These rooms originally constituted the southern ground-floor apartment, and were arranged in the same sequence as those of the three other main apartments. Since green was the dominant colour of the room textiles, it was known as the Green Apartment.
Allegory of Elector Max Emanuel being reunited with his family,
Joseph Vivien (Room 41)
Most of the 17th- and 18th-century French paintings shown here have a close connection with the patron of the palace, Elector Max Emanuel of Bavaria. They begin with the group of portraits by the French court painter Joseph Vivien: a huge historical picture shows the elector being reunited with his family in 1715, and the family of the Dauphin of France, the brother-in-law of Max Emanuel (Room 41), is portrayed in a series of pastels.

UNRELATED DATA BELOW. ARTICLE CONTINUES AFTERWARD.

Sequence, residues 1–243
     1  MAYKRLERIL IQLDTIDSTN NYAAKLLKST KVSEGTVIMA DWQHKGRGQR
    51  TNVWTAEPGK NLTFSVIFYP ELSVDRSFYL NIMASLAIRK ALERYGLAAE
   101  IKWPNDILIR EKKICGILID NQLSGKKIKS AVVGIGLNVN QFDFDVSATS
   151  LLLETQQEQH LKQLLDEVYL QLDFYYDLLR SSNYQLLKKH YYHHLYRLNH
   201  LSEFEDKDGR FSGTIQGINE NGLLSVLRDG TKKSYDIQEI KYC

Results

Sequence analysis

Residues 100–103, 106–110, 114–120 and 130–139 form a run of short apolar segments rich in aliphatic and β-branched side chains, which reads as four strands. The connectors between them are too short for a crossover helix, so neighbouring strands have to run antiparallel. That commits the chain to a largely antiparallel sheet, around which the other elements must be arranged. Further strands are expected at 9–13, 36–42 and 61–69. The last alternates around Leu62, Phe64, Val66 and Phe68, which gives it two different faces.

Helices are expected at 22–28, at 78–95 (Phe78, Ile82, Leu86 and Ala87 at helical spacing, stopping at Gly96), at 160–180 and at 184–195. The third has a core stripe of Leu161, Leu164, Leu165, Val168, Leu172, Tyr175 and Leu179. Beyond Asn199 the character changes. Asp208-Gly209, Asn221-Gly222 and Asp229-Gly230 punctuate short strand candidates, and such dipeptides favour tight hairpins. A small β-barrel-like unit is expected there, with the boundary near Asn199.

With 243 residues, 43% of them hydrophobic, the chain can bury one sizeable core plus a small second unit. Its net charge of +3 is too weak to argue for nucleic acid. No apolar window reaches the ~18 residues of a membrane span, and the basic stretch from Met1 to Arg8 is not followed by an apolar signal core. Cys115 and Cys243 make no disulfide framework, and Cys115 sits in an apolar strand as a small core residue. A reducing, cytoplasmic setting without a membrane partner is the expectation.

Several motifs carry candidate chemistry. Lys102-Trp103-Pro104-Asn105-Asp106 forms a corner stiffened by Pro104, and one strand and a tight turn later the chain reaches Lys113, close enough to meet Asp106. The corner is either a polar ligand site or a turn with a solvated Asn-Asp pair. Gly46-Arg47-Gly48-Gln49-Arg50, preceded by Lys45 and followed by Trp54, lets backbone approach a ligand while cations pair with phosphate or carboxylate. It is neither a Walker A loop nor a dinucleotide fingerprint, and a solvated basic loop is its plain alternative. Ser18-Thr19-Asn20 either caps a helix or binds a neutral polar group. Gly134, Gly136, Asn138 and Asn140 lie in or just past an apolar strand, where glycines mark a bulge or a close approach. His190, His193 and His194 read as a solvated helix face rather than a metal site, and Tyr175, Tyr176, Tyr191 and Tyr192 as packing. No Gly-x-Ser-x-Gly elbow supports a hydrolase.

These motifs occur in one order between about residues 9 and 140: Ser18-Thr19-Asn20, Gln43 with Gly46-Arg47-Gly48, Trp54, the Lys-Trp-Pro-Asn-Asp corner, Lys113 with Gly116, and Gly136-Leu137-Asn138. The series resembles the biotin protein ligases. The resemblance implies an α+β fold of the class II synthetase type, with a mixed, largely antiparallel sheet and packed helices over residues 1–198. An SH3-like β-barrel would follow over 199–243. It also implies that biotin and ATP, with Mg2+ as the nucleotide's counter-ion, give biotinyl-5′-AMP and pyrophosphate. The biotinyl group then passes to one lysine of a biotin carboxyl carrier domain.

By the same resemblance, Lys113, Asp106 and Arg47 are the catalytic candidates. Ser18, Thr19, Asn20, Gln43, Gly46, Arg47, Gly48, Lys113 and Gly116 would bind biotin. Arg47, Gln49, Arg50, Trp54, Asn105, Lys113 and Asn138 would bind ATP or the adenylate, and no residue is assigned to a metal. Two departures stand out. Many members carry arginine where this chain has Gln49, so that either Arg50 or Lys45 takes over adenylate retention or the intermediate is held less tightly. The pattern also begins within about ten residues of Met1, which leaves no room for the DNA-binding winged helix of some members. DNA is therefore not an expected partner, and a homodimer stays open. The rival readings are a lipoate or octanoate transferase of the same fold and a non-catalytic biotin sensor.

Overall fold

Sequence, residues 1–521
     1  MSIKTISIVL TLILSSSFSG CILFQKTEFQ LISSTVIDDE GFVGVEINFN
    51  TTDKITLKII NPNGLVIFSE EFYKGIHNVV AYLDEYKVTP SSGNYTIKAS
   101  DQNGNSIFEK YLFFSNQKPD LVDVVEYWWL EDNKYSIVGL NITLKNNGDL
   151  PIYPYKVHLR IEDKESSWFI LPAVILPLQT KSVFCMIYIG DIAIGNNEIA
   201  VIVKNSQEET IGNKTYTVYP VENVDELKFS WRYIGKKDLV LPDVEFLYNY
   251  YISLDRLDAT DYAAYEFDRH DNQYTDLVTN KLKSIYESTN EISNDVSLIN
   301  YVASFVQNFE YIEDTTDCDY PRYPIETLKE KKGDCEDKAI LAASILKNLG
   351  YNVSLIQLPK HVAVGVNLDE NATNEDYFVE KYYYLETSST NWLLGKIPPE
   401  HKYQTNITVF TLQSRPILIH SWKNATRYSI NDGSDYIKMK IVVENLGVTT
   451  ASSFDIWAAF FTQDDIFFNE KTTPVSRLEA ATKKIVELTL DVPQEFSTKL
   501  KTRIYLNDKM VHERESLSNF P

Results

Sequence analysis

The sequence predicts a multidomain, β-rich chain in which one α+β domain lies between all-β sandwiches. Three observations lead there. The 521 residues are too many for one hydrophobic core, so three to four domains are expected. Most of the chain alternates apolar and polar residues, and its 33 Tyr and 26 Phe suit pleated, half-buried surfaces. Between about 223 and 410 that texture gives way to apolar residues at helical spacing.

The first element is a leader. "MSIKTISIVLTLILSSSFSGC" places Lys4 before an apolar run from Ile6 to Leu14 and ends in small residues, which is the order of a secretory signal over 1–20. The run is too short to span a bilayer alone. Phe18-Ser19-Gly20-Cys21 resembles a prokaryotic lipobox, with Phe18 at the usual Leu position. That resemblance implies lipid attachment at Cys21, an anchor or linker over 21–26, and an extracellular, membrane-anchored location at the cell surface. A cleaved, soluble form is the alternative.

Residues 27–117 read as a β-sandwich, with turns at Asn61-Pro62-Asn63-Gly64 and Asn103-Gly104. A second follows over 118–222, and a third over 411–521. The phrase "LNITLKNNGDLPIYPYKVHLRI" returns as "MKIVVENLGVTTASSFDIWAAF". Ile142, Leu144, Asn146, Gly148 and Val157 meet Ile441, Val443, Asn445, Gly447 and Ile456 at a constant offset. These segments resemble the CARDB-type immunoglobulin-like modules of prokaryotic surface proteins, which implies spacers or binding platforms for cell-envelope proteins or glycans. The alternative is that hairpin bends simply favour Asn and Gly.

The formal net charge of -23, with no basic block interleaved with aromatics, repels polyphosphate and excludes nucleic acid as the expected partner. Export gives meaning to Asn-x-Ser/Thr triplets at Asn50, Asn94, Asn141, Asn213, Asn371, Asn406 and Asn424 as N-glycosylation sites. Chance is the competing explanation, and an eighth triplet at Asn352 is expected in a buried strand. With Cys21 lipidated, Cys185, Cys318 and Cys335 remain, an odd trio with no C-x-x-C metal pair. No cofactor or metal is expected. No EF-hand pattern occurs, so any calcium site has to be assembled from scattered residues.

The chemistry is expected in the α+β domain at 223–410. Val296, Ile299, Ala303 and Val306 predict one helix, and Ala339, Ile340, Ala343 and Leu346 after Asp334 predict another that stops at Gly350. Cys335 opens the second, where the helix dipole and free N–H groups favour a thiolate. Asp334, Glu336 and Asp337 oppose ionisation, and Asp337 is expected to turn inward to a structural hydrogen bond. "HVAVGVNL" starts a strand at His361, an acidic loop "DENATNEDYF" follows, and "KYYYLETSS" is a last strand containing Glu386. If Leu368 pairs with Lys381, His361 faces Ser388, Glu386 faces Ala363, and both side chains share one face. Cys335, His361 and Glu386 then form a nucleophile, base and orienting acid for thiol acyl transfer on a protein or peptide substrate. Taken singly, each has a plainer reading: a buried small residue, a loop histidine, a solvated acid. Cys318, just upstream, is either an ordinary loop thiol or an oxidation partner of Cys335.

The following two rooms contain battle scenes. The cycle by Adam Frans van der Meulen depicts the campaigns of Louis XIV against the Spanish Netherlands and Holland, setting them in representative landscapes (Room 42). In sharp contrast with these is the series by Pierre-Denis Martin, commissioned by the officer Philipp Dupont to celebrate the deeds of the Polish king Jan Sobieski in the Turkish Wars, which reproduce the precise order of battle.
Room 44 contains three works with religious themes by Nicolas Poussin, landscapes by his nephew Gaspar Dughet and "The concert" by Jean LeClerc. In the Blue Cabinet are early portraits by Antoine Pesne, including a portrait of the brilliant French court painter Nicolas de Largillière. They are complemented by two still lifes by François Desportes.
© Text and picture State Gallery: Bayerische Staatsgemäldesammlungen, Munich
| top |